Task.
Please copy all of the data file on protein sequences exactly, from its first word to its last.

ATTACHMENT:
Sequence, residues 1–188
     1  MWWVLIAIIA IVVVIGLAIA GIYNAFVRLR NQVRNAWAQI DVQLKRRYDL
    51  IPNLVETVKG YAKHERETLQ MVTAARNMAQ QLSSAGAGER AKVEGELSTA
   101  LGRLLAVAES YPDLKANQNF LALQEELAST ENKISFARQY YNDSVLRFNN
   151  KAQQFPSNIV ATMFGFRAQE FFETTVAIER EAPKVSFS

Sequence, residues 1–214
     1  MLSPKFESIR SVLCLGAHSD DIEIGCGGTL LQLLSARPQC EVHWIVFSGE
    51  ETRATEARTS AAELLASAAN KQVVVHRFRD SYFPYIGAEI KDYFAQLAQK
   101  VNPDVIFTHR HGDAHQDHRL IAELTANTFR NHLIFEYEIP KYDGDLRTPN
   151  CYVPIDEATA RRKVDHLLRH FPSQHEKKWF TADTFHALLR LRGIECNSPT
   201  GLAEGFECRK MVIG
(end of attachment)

Sequence, residues 1–188
     1  MWWVLIAIIA IVVVIGLAIA GIYNAFVRLR NQVRNAWAQI DVQLKRRYDL
    51  IPNLVETVKG YAKHERETLQ MVTAARNMAQ QLSSAGAGER AKVEGELSTA
   101  LGRLLAVAES YPDLKANQNF LALQEELAST ENKISFARQY YNDSVLRFNN
   151  KAQQFPSNIV ATMFGFRAQE FFETTVAIER EAPKVSFS

Sequence, residues 1–214
     1  MLSPKFESIR SVLCLGAHSD DIEIGCGGTL LQLLSARPQC EVHWIVFSGE
    51  ETRATEARTS AAELLASAAN KQVVVHRFRD SYFPYIGAEI KDYFAQLAQK
   101  VNPDVIFTHR HGDAHQDHRL IAELTANTFR NHLIFEYEIP KYDGDLRTPN
   151  CYVPIDEATA RRKVDHLLRH FPSQHEKKWF TADTFHALLR LRGIECNSPT
   201  GLAEGFECRK MVIG